Now, let me start by admitting that this was a total drive-by shooting. Really. No time to stop the car and get out and compose something that looks like an actual photograph. But when we passed this crumbling, tile-facade hamburger joint … because what else could it be with a name like Wympee … I knew I had to have this image. It is so iconic of a fading era in America.
One of the things I love about traveling is seeing places that don’t look like where you live. Wympee happens to be in Dayton, OH, where I’m attending the Cirrus Owners and Pilot’s Association meeting … not because I own a Cirrus, more’s the pity, but because I’m here working for Aero-TV and the Aero-News network … which does. But having grown up in the Midwest, about 90-100 miles southwest of where I am now, it does seem at the same time foreign, and familiar.
Where I live now in Florida, there is very little of the old architecture like you see behind the Wympee, though the restaurant its self probably would be right at home in some little beach town. But I’m certain there was a time when Wympee was THE spot to be in this neighborhood. If the walls and booths and counter could talk, the stories they could tell would, I’m sure, be mundane and fascinating at the same time. How many first dates, how many high-school breakups, how many families looking for an economic meal for the kids. I remember when the first “fast food” place opened up in Bedford, IN, when I was a kid. The Satellite Burger, not because there was any connection to the space program where we were in south central Indiana, but because it was the height of the space race, and you could draw a crowd with anything tagged with “Satellite.” There was a large, almost Disney-like moving thing out in the parking lot which I’m sure was supposed to look like a satellite or a solar system or an atom or something. Which leads me to believe it was a franchise of some kind, though I never saw another one.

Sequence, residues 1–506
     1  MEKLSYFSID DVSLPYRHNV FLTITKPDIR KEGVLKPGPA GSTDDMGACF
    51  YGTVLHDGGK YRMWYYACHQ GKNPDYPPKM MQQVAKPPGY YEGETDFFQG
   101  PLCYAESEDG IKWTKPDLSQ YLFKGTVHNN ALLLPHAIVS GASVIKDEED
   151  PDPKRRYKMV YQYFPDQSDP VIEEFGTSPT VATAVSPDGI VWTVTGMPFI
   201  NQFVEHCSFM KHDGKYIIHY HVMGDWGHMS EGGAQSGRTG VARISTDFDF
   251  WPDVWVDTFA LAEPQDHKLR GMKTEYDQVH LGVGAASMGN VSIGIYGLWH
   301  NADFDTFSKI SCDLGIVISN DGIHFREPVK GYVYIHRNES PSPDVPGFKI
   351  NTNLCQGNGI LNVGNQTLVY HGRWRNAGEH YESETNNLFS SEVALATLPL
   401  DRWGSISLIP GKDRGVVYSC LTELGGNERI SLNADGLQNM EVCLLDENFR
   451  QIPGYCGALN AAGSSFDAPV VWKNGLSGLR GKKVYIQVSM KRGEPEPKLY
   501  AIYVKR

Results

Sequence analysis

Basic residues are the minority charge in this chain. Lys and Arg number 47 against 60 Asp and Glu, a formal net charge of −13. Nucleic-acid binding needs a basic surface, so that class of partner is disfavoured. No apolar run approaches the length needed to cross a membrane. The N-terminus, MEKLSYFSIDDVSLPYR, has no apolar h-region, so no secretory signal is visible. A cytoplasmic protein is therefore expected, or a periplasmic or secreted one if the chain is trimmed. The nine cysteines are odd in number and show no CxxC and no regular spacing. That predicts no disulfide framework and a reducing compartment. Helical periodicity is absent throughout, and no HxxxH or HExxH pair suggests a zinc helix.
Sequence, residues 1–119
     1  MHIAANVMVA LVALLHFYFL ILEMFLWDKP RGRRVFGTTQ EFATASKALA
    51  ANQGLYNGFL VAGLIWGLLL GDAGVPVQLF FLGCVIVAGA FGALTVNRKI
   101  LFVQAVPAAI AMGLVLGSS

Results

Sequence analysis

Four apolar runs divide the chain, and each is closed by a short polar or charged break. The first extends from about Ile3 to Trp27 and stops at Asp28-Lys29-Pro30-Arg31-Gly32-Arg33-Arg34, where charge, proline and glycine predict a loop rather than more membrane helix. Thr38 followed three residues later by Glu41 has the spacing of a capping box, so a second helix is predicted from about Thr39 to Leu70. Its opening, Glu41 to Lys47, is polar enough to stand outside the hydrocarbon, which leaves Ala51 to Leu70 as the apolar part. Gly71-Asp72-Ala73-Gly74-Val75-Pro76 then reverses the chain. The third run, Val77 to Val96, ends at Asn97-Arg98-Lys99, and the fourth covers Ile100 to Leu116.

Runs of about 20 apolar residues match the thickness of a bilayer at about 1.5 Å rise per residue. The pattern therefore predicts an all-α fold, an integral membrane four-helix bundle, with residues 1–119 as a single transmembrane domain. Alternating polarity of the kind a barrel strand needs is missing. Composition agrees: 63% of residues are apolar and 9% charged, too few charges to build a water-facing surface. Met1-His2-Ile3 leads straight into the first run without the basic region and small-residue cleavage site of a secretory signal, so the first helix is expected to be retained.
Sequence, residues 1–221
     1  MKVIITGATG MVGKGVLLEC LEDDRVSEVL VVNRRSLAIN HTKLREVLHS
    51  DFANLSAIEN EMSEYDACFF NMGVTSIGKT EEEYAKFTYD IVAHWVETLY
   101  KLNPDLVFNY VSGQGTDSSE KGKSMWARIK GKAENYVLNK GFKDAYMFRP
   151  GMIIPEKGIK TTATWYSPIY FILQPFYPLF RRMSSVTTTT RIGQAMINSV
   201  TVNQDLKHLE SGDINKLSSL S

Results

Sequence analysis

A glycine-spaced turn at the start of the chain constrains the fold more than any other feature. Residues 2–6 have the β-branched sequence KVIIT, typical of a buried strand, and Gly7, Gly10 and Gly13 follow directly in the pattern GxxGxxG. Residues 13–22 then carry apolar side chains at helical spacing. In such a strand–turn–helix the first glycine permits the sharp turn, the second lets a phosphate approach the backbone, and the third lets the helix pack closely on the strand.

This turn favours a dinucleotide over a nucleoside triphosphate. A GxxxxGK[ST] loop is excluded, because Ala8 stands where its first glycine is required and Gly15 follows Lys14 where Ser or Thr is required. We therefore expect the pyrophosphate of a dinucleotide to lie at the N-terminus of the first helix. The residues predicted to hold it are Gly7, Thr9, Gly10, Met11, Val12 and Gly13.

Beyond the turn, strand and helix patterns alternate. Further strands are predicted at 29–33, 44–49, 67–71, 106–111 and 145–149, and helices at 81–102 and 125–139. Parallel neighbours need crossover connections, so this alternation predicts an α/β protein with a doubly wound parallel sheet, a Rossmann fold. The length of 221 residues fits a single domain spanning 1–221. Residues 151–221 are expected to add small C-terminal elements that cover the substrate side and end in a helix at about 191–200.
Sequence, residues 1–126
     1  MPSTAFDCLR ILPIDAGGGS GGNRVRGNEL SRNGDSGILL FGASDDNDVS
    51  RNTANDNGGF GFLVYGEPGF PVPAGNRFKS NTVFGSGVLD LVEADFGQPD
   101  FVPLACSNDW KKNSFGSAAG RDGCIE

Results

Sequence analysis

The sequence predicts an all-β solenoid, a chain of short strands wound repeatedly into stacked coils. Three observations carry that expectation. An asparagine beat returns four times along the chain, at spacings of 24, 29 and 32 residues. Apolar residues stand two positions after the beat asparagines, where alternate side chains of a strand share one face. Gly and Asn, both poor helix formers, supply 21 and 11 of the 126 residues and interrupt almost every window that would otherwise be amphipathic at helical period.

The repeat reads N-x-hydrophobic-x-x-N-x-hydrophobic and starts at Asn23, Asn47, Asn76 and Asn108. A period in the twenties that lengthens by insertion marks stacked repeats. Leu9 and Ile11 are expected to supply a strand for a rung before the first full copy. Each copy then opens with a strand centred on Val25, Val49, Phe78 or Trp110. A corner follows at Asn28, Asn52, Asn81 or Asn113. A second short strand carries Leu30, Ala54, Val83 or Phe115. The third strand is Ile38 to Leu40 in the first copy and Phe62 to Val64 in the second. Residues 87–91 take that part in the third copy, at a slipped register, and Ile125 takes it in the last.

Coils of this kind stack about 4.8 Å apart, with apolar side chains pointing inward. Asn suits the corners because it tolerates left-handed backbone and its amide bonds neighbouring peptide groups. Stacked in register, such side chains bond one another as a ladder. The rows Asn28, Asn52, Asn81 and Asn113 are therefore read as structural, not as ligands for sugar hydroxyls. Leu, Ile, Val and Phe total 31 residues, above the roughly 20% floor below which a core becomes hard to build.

The Satellite Burger is long gone. It looks as if Wympee made it a lot longer, and for all I know, it’s not that old. But now, Wympee stands near the Dayton convention center, vacant, weeds growing up through the cracks in the sidewalk and driveway, a “for lease” sign in the window.
The entrepreneur might look at it and see a cool space for some funky restaurant that, with the right menu, might attract a crowd and a visit from “Diners, Drive-ins, and Dives.” And as we went off to another dinner at a national chain restaurant where the food always has a barely satisfactory same-ness but is never anything to write home about, I thought about how much fun it would be to pull up to the counter at Wympee and see how the burgers might be. Maybe atrocious, or maybe the best burger you ever had that your dad didn’t grill at the lake. But every day, there are fewer and fewer Wympees and more and more ubiqui-foods. And honestly, I think we’re a bit poorer for the loss.